A Report Worth Reading: Promoting Health Innovation in Ontario
Ontario has huge opportunities to become a global leader in health innovation. The Province has six excellent medical schools, 24 research hospitals and serves as the Canadian corporate headquarters for many of the world’s largest health companies. Yet Ontario does not have a strong track record in fostering health innovation. To address the development of strategies to catapult Ontario into a lead position in terms of health innovation, the provincial government, through its ministries of Health and Long-Term Care, Government and Consumer Services, and Research and Innovation formed the Ontario Health Innovation Council (OHIC) in 2013.
The council consists of an impressive and eclectic group of health leaders, including KGH CEO Leslee Thompson. Joining Leslee on the council were: David Williams, Adalstein Brown, Neil Fraser, Rafi Hofstein, Jeffrey Lozon, Peter Robertson, Anne Snowdon, Shirlee Sharkey, Peter van der Velden, Theodore Witek, and Catherine Zahn.
In December, OHIC produced its initial report, which is entitled The Catalyst: Towards an Ontario Health Innovation Strategy.1It’s a report worth reading. The Catalyst suggests six strategies, which are aimed at facilitating technological innovations that would promote health and improve access and quality of care for Ontarians. These are:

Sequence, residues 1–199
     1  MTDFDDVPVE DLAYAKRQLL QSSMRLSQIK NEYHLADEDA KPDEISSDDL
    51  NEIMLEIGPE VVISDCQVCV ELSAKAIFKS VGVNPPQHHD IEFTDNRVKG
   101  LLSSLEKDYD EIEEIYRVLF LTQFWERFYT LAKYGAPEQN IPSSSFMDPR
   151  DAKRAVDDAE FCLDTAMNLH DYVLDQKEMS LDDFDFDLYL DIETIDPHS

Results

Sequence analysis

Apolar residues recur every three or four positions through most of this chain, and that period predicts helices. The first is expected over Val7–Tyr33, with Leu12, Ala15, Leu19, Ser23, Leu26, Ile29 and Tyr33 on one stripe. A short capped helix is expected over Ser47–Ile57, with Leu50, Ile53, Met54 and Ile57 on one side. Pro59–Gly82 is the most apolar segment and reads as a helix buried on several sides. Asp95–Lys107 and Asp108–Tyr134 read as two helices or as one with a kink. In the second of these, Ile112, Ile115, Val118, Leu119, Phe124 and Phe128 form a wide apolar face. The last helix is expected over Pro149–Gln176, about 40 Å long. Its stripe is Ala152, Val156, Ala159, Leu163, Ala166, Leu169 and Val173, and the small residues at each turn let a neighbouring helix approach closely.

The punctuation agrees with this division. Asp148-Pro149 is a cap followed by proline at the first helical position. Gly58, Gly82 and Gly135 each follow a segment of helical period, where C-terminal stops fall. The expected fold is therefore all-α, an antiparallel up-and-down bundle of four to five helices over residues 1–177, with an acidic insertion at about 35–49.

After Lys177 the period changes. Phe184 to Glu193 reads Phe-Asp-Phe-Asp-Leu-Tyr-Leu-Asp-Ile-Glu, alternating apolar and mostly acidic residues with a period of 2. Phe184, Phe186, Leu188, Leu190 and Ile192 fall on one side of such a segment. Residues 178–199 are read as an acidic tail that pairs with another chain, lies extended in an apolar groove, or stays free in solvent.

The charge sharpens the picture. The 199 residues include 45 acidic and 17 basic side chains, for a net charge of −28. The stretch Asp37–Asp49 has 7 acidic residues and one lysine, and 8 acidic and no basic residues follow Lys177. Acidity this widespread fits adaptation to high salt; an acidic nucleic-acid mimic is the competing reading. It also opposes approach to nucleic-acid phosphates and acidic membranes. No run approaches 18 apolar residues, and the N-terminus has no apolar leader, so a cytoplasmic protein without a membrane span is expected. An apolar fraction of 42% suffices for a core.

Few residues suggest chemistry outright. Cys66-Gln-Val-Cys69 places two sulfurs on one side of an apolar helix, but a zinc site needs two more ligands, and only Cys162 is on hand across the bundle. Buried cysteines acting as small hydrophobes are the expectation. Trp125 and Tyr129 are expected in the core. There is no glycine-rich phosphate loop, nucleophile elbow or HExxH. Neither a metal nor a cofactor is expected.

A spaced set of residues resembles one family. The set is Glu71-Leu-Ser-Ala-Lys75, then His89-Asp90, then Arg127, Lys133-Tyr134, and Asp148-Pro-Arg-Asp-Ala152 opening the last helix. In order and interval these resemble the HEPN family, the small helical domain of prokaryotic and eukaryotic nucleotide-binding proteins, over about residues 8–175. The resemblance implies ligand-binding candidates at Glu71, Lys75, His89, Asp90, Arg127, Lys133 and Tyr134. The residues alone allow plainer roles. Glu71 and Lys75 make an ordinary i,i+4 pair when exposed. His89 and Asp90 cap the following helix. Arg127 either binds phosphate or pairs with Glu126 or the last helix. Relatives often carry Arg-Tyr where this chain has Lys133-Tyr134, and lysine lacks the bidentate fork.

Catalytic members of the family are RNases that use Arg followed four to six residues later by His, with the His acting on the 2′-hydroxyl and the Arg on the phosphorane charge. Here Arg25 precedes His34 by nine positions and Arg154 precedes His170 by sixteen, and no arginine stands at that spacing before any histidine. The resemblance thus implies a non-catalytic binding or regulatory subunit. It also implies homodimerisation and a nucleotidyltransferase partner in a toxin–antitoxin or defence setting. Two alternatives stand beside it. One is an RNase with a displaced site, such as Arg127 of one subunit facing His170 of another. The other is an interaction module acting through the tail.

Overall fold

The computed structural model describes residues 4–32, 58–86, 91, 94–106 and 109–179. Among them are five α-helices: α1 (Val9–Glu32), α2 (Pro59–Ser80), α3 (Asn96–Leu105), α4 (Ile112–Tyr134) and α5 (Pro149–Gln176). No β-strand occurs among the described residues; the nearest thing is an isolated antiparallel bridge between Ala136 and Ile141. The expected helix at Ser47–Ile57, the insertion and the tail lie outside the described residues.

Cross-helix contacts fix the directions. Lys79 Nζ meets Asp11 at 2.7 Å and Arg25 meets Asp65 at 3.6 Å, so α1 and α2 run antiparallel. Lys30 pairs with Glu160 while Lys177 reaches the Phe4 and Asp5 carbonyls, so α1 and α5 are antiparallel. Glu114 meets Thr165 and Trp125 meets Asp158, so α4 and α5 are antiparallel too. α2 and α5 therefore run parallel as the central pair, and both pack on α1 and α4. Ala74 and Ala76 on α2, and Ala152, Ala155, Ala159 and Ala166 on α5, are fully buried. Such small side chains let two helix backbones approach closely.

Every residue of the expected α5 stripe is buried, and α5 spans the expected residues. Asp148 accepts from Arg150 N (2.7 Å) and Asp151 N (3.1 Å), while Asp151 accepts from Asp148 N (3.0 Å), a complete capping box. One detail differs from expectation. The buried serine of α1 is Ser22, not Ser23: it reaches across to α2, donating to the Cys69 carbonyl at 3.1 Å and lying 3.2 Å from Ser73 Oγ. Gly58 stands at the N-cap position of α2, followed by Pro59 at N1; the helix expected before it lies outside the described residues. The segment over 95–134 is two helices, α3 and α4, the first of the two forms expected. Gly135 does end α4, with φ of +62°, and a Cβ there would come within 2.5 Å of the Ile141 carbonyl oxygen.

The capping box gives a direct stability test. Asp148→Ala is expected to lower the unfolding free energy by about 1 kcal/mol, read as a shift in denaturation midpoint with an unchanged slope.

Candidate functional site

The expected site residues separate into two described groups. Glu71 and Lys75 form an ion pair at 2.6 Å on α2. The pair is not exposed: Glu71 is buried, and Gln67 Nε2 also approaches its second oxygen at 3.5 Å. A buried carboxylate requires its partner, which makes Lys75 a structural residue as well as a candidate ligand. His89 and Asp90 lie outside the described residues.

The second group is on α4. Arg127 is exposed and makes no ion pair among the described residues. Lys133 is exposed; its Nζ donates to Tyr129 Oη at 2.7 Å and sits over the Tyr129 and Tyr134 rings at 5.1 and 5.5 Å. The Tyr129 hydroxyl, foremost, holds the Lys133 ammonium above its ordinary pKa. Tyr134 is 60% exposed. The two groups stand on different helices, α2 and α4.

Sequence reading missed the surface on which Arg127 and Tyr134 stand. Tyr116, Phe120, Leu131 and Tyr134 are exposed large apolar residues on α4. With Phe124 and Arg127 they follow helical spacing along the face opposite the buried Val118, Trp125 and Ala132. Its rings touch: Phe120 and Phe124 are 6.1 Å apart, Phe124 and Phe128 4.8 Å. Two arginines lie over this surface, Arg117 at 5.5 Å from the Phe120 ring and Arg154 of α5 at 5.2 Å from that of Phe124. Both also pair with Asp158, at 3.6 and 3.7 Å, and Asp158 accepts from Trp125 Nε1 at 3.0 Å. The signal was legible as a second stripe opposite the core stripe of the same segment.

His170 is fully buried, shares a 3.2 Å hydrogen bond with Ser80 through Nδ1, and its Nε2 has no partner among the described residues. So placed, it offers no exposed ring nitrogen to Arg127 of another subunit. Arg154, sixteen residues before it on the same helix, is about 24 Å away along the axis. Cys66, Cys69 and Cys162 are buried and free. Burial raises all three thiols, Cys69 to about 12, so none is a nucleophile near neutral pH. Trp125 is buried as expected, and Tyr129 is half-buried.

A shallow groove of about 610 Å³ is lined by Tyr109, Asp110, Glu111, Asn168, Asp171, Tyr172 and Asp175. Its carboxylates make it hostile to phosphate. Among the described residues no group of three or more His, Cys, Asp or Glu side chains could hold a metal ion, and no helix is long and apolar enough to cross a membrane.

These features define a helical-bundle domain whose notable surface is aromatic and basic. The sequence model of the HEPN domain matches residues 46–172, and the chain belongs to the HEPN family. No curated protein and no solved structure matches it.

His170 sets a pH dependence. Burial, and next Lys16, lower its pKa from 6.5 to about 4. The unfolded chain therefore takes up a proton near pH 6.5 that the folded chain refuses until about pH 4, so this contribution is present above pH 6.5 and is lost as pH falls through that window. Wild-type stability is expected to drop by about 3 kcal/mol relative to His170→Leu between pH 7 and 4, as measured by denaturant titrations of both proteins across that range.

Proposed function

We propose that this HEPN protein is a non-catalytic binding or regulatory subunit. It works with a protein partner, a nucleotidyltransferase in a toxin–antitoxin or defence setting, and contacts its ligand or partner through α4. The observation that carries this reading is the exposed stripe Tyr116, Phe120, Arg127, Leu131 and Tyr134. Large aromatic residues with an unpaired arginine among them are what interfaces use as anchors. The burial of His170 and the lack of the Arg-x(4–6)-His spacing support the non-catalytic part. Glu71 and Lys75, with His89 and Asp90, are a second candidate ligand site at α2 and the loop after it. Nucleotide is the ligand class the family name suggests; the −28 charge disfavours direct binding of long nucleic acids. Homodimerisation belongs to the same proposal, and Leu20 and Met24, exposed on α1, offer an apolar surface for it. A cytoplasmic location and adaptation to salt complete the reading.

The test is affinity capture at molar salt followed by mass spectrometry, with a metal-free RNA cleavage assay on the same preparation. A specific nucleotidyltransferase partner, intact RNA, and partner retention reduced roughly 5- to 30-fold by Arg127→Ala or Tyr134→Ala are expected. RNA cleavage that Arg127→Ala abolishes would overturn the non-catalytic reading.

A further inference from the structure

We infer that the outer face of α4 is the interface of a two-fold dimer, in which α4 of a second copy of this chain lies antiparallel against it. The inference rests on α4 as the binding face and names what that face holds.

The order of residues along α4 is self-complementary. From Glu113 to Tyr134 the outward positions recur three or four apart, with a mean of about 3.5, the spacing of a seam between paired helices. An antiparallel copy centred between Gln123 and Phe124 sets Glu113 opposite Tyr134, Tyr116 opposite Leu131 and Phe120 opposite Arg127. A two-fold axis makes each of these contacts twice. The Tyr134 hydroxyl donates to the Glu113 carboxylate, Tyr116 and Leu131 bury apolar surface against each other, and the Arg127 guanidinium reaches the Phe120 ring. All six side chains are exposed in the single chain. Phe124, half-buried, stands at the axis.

- Establish an Office of the Chief Health Innovation Strategist
- Appoint innovation brokers to connect innovators with resources
- Invest in made-in-Ontario technologies
- Accelerate the shift to strategic value-based procurement
- Create incentives and remove barriers to innovation
- Optimize the pathways to adoption and diffusion of innovation
The report’s executive summary ends with “This is a call to action”. Indeed, this report is a forward-thinking plan that would address many of our healthcare system’s core problems with solutions that are technology-based, innovative and realistic. Should they be adopted, these recommendations would undoubtedly curb the rising costs of healthcare while improving patient outcomes. They would also open opportunities for the early adoption of and investment in our own homegrown innovations, which would bring Ontario to the forefront in the health technology sector.
At the heart of the report is an analysis of the innovation cycle (figure 1). The innovation cycle suggests the desired pathway to bring to fruition health innovations that can assist with Ontario’s health priorities and needs and as well serve as an economic stimulus. The report identifies current pitfalls to a smooth functioning cycle, labeling these impediments, the Technological Valley of Death and the Commercialization Valley of Death. It is proposed that the adoption of the six recommendations will help transform these lethal valleys into windows of opportunity.
How do you see technology fitting in to Ontario’s healthcare landscape? What did you think of OHIC’s recommendations? Share your thoughts by commenting on the blog… or better yet please drop by the Macklem House. My door is always open.
The author would like to thank Queen’s Faculty of Health Science Industry Liaison Officer, Seth Chitayat, PhD, MBA, for his assistance with this blog.